Feb. 20 (Bloomberg) -- Russia’s ruble bonds due 2027 rallied for the first time in seven days after the Finance Ministry sold all the notes offered at an auction today.
Yields on the OFZ bonds fell one basis point, or 0.01 percentage point, to 7.11 percent as of 7 p.m. in Moscow. The ruble was little changed against the central bank’s target basket of dollars and euros at 34.6590 and declined 0.1 percent versus the dollar to 30.0950.
The Finance Ministry sold 30 billion rubles ($997 million) of bonds due December 2019 at a 6.55 percent yield with bid to cover ratio totaling 2.4 times. Yesterday it boosted the amount of seven-year ruble securities on offer from 20 billion rubles and canceled a 15-year bond offering.
“The results are really decent,” Alexander Ovchinnikov, vice president at Sberbank CIB, said by phone from Moscow. “There is interest in the central part of the curve. The results will help us stabilize at the levels we’ve reached.”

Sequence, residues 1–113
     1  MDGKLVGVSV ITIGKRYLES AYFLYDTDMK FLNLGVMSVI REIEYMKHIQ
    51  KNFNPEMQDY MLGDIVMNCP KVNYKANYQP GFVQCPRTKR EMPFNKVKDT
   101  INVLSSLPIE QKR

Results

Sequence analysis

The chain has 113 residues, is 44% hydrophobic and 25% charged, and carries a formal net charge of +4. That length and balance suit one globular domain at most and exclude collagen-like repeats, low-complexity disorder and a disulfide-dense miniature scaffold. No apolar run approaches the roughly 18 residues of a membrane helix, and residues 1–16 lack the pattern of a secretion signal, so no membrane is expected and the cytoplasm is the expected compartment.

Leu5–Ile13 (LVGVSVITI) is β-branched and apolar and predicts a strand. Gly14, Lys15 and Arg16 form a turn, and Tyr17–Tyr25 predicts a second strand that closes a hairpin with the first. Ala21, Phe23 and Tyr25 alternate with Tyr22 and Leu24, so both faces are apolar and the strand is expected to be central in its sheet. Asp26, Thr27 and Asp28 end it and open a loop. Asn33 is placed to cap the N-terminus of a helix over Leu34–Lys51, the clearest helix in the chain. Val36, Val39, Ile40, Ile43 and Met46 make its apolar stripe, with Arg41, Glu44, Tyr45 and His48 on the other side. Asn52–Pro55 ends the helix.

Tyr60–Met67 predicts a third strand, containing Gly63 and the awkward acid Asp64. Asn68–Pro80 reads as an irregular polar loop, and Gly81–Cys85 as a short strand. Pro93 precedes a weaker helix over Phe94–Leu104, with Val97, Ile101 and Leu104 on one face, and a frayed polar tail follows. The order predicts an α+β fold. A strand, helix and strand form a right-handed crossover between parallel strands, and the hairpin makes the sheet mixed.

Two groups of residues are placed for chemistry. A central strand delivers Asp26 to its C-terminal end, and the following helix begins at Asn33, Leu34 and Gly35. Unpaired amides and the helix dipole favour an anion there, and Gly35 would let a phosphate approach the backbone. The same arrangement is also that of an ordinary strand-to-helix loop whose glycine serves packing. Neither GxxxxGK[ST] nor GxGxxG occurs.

Ruble-denominated government debt rallied in the second half of 2012, lowering the yield on the 2027 notes by 225 basis points from a 52-week high in June to a record low on Jan. 10 on bets that easier foreign access would boost demand. The yield rose in the second half of January and February.
Local players may have seized on the yield offered at today’s auction “after the recent correction,” Alexey Demkin, acting head of research at Gazprombank, said by phone.
About 230 billion rubles of OFZs have matured since Jan. 23, which may have stoked demand, Demkin said.
Crude oil, Russia’s major export driver, was down 0.1 percent in New York trading at $96.60 per barrel.
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